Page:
Second, the concept of human rights took hold, embedding value in all human lives -- including the lives of foreign citizens. No longer do we view enemy civilians as sub-human, to be slaughtered with impunity.

Third, and most significantly, the world became wired for instant communication. Now, we watch wars unfold on CNN in real-time. And it's not just CNN; the news broadcast to the world is beyond the control of any government. Images of mangled Iraqi children are all over the internet.

For the United States, there's another factor: Since the fall of the Soviet Union, we've been at the top of the food chain, too powerful to fear attack from other states. As long as that remains the case, we'll always be fighting "wars of choice" based on shaky grounds that are open to debate.

The new reality -- elusive to a strategic class mired in pre-1900 thinking -- is that in asymmetrical conflicts, military force is only effective when combined with the legitimacy that can win over the hearts and minds of a world that's grown skeptical of the Great Powers' interventions in the developing world.

Lacking that legitimacy, home-grown insurgents can bring even the most powerful to a standstill; the United States had enough power to wipe out every North Vietnamese, the Russians could have slaughtered every Afghan and the Israelis have the ability to kill every last Palestinian. Today, we have the capacity to fulfill the most brutal fantasies of the Michelle Malkin set and turn Iraq into a sea of nuclear glass. But that capacity is meaningless in the context of modern warfare. So we lost Vietnam, the Russians lost Afghanistan, and Israel and the U.S. are bogged down in violent occupations in the Middle East that have no end in sight.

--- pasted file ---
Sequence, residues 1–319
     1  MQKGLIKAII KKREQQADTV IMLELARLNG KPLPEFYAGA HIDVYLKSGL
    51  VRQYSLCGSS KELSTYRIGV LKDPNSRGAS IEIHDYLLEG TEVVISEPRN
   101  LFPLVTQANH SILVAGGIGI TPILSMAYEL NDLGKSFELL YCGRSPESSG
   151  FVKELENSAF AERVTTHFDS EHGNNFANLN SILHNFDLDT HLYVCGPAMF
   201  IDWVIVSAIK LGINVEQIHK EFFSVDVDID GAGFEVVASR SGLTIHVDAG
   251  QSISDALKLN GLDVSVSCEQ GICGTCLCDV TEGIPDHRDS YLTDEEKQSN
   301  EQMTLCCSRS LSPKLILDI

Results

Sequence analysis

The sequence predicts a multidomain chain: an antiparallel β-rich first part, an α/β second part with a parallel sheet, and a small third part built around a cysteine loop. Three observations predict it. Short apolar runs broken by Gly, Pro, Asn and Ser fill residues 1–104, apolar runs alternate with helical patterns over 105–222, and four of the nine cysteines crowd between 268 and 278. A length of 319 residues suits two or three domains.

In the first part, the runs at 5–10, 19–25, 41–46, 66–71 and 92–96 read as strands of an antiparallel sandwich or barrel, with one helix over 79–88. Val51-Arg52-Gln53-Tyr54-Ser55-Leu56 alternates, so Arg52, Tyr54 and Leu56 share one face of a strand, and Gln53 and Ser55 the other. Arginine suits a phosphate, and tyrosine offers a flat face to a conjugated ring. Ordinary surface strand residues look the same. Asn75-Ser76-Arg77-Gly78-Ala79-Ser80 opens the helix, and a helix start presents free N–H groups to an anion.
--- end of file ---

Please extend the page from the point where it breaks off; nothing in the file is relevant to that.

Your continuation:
If only the hawks who lust after these wars could understand the limited utility of hard power. But they're blind to the fact that, lacking the kind of broad international consensus that the United States had during the "first" Gulf War -- another conflict launched under false pretenses -- the public will always give them just a brief window of flag-waving opportunity to wreak havoc on the weak (think Grenada in 1983 or Panama in 1989).

There was never much support for the Iraq war; a majority opposed it a month before it was launched, there was a spike of support as the attack began, and it's declined ever since. That was to be expected. As the premise for a war of choice unravels and the costs -- in blood and treasure -- mount, public support will always prove to be an illusion.

Instead of whining about how the American public's support for their war has eroded, the Rumsfelds, Cheneys and their cohorts would be better served getting their collective head around the fact that as long as the rationale is weak, power will only go so far.

If they can't figure that out, Iraq won't be our last drawn-out adventure in the global south; we'll shed blood on the soil of other far-off little countries that most Americans can't find on a map, the media will hype other tin-pot dictators as the next coming of Hitler, and the defense industry will have other opportunities to shake some silver out of the treasury. And we'll wake up in a decade or so facing another quagmire and realize it's Groundhog Day all over again.

Joshua Holland is an AlterNet staff writer.